I’ve always had too many interests for my own good.
If you’ve seen my Impossible List before, this probably isn’t a surprise; I want to learn how to play the piano, learn to walk a slackline, write a novel, learn how to draw, skateboard more proficiently… the list goes on.
When I walk into Barnes & Noble – which is quite often – I have a hard time figuring out whether to head first: science, biographies, world history, travel, fantasy and sci-fi, graphic novels – they all sound ridiculously interesting. And once I’ve picked a section, picking an individual book is even harder.
My professional life isn’t shielded by this excess of interests, either. I have to stop myself from chasing after new podcast and YouTube channels all the time. And I really have to get tough on myself with the itch to start coding again comes around…
So if you feel like a man sentenced to die in that ancient method of having each of your limbs tied to a horse going in a different direction – except they’re baby horses and you’re just stuck in the middle, being pulled in too many directions at once to go anywhere – don’t worry. You’re certainly not alone.
We are inundated with opportunities more than ever now, and unsurprisingly, it can cause us to have some trouble picking one and focusing on it.
This problem is often referred to as the “paradox of choice”. Sheena Iyengar, and professor at the Columbia Business School, exemplified it well when she said:
“There are times when the presence of more choices can make us choose things that are not good for us. For me, the clearest example is that the more retirement fund options a person has, the less likely they are to save for their old age.”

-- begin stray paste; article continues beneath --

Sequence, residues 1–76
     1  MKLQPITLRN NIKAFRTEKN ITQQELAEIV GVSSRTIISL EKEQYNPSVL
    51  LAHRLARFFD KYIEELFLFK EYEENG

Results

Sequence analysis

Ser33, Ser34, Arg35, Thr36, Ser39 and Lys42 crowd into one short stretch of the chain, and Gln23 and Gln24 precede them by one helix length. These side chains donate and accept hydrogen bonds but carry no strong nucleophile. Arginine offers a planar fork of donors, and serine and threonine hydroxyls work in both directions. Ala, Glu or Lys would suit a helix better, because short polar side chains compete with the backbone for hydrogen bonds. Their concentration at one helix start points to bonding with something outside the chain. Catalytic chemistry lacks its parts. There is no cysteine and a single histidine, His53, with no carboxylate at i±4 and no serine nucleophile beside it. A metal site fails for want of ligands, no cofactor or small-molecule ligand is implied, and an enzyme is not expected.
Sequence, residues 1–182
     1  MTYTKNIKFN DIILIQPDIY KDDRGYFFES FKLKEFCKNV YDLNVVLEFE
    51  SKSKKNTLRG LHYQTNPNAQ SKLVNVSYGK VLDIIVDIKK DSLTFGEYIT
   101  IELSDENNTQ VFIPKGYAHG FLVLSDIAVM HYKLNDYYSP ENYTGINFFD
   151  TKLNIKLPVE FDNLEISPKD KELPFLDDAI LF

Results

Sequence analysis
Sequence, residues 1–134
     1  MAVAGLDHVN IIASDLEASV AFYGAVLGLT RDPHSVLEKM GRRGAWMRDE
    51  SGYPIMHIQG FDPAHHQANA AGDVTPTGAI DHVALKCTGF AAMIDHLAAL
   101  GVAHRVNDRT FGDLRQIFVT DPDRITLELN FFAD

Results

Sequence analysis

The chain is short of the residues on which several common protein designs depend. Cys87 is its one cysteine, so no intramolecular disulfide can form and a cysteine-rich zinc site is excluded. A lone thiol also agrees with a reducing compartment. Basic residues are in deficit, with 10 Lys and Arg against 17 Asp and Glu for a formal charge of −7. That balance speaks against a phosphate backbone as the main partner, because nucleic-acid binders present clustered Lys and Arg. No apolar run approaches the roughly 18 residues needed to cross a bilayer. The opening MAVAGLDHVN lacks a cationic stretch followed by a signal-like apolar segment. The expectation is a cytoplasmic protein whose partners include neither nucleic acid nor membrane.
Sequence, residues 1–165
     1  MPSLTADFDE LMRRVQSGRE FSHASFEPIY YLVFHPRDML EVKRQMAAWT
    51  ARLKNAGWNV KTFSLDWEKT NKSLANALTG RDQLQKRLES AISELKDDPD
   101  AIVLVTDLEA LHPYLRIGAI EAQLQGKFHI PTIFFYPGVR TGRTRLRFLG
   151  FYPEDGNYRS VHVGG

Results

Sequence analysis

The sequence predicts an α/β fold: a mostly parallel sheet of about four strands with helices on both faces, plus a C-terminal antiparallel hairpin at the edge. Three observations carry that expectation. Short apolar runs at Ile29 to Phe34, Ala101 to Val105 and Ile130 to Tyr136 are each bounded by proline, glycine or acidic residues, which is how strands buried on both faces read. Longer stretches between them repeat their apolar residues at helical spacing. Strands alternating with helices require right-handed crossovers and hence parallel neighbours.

Unless you join the army, go to jail, or spend most of your life on an airplane with no wi-fi, the presence of this excess of choice is here to stay. So how do you start narrowing down your choices and interests to the point where you can focus on a few long enough to make progress?
If you’re unable to see the video above, you can view it on YouTube.
The Warren Buffett Story
There’s a story about the billionaire investor Warren Buffett that I read about on James Clear’s blog a while ago. It details a conversation between Buffett and his personal pilot, in which the pilot was asking Buffett how to choose his career priorities.
To help the man focus, Buffett told him to go through the following exercise.
Step 1: Make a list of your top 25 career goals.
Step 2: Review the list and circle the top five most important goals.
At this point, the pilot essentially had two lists. List A, which contained his top five goals, and List B, which contained everything that hadn’t been circled.
Now the pilot knew he should start working on the top five as soon as possible. But then Buffett asked him:
“What do you think you should do with the goals on List B?”
The pilot replied that these goals were still important to him, so he’d work on them intermittently – while still trying to keep most of his focus on the top five.
Buffett replied, “No, that’s the wrong answer. The correct answer is…”
Step 3: Treat List B as your Avoid-at-All-Costs list. These items should get no attention until you’ve completed your top five.
Now, I’ve read in several places online that this story is fake. However, even if a famous person like Warren Buffett didn’t give this advice, I think it’s fantastic.
The problem with the items in List B is that they’re still interesting. Because of that, it’s likely that they’ll pull your focus away from the most important goals if you let them. You have to cut them out completely if you want to make real progress.
The “Now” Page Movement
I think you could get a lot of use out of going through the exercise from the Warren Buffett story… but I’ve got something even better to share with you today.